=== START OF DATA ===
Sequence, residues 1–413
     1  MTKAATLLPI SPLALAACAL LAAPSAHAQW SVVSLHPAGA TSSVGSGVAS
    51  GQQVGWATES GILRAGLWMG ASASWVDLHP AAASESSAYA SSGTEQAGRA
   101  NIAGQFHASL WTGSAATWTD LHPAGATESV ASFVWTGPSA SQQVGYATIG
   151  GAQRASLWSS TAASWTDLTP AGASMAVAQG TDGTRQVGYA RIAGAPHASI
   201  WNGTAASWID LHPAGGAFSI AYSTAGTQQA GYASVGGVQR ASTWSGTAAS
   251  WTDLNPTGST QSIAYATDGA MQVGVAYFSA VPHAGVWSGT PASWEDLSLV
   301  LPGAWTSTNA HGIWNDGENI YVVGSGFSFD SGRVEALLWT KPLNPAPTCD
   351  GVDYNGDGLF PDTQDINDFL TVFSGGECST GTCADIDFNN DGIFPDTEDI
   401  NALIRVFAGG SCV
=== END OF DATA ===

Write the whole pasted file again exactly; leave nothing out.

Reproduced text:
Sequence, residues 1–413
     1  MTKAATLLPI SPLALAACAL LAAPSAHAQW SVVSLHPAGA TSSVGSGVAS
    51  GQQVGWATES GILRAGLWMG ASASWVDLHP AAASESSAYA SSGTEQAGRA
   101  NIAGQFHASL WTGSAATWTD LHPAGATESV ASFVWTGPSA SQQVGYATIG
   151  GAQRASLWSS TAASWTDLTP AGASMAVAQG TDGTRQVGYA RIAGAPHASI
   201  WNGTAASWID LHPAGGAFSI AYSTAGTQQA GYASVGGVQR ASTWSGTAAS
   251  WTDLNPTGST QSIAYATDGA MQVGVAYFSA VPHAGVWSGT PASWEDLSLV
   301  LPGAWTSTNA HGIWNDGENI YVVGSGFSFD SGRVEALLWT KPLNPAPTCD
   351  GVDYNGDGLF PDTQDINDFL TVFSGGECST GTCADIDFNN DGIFPDTEDI
   401  NALIRVFAGG SCV